This is a picture of 2 galaxies taken from The Hubble. The arrow shows a smaller galaxy's black hole starving of the usual stars because of the binary rotation about the bigger galaxy that is pulling stars away from it. Notice the ball of light are around the smaller one. Is the release of photons happening before the photon sphere? Are photons absorbed by atoms compressed out by gravity before the electrons are lost from the atom?

enter image description here http://chandra.harvard.edu/press/16_releases/press_010616.html

enter image description here

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    $\begingroup$ 1. Have a look at how to write good question titles. 2. It's not particularly clear what your actual question is. What do you mean by "photons are shedding around the smaller one"? What is actually depicted in your photo? And I cannot parse your last sentence, please try to rephrase it into proper English. $\endgroup$ – ACuriousMind Jan 24 '16 at 23:54
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    $\begingroup$ Besides the ridiculous title, I think that this could be an interesting question if cleaned up a bit. $\endgroup$ – Sam Blitz Jan 25 '16 at 0:03
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    $\begingroup$ The title is still very vague about what the content of the question is - and why don't you get rid of the ridiculous "Show me your hole"? You still aren't even telling us what exactly is seen in the picture (which black hole is this? What exactly are we seeing?`), and it is still unclear what you mean by "Are photons absorbed by atoms compressed out buy gravity before the electrons are lost from the atom". Do you mean by instead of buy? Why are the electrons "lost" and what does "compressed out" mean? $\endgroup$ – ACuriousMind Jan 25 '16 at 0:11
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    $\begingroup$ You asked me in the question where you blew 250 of your reputation on how to improve your questions: I saw that on a number of them you get the link on how to write a question. This one to start with will be improved with a link to the original article from where you took the picture. In general, links that support the framework of a question will be looked at before people complain. It is also advisable when copying pictures to copy the description from the original source. In the picture above the interpretation is not clear. $\endgroup$ – anna v Jan 25 '16 at 4:58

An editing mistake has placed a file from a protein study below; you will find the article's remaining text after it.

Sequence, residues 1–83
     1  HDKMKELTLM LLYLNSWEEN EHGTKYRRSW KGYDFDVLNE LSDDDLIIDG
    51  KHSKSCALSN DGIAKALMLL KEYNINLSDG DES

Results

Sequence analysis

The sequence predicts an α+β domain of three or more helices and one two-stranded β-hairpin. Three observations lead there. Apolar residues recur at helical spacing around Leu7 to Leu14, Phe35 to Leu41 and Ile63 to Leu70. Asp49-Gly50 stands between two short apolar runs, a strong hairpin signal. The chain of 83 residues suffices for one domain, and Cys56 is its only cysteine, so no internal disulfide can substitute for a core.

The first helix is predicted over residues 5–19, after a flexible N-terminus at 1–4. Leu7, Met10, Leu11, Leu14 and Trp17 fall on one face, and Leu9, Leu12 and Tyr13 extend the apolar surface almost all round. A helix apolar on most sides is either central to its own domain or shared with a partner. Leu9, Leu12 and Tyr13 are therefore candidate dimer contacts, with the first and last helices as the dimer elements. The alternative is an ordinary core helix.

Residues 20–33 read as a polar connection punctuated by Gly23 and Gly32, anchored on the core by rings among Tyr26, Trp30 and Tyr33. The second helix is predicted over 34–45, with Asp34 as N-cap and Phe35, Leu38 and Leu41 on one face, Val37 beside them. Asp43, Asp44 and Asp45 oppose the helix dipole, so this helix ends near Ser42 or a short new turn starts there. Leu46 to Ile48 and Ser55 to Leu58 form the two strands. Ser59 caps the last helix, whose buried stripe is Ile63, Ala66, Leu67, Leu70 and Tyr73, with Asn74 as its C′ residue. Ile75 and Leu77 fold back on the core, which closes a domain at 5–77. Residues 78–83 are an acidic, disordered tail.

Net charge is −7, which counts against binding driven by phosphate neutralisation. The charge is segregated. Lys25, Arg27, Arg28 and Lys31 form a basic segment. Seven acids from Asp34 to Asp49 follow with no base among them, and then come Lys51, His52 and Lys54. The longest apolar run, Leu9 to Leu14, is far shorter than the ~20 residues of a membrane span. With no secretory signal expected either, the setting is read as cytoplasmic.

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    $\begingroup$ I have edited your question and answered it. The use of less striking words is advisable in asking elementary questions. Also a google search . For example reading the "black hole" article in wikipedia, would tell you about the accretion disk . $\endgroup$ – anna v Jan 25 '16 at 5:47

Notice the photons are reduced around the smaller one. Is that happening before the photon sphere?

The photon sphere by definition does not send any photons in our direction, as it is

a spherical region of space where gravity is strong enough that photons are forced to travel in orbits.

So the photons seen come from the region before, considering the dimensions of the system, light years before.

Are photons absorbed by atoms compressed out by gravity before the electrons are lost from the atom?

The photons seen in the picture are radiation from the acceleration of ions electrons and eventually protons as they fall in the black holes as well as the process seen in accretion disks

Gravitational and frictional forces compress and raise the temperature of the material causing the emission of electromagnetic radiation.

As the two black holes have to share the mass between them, (the larger one getting more), there are less in-falling charged particles to generate photons in the region between the two holes.


In a comment you say (I fixed a few words in this quote) "If it was a neutron star an atom would lose its electrons and protons before becoming a part of that star"... And in the question you say, "Are photons absorbed by atoms compressed out by gravity".

This reminds me of Feynman's father. If you Google "feynman father photon", you should find the story of how Feynman's father thought that the photon that an atom emits, was already in the atom before it was emitted. According to the story, Feynman said no, it's not, but then he couldn't explain the way it actually works.

In this case, I think the simplest way to think about it, is that the electromagnetic field is everywhere, and a photon is an excitation of the electromagnetic field that carries energy. And so when an atom absorbs a photon, what happens is that the energy in the photon is transferred to the atom, and the photon no longer exists. And when an atom emits a photon, energy in the atom is being transferred to the local part of the electromagnetic field, creating a photon.

Also, a neutron star isn't created by the atoms of the collapsing star losing their protons and electrons. The protons actually turn into neutrons too (this involves the quarks) and the electrons turn into neutrinos and escape into space:

What happens to Protons and Electrons when a Neutron star forms?


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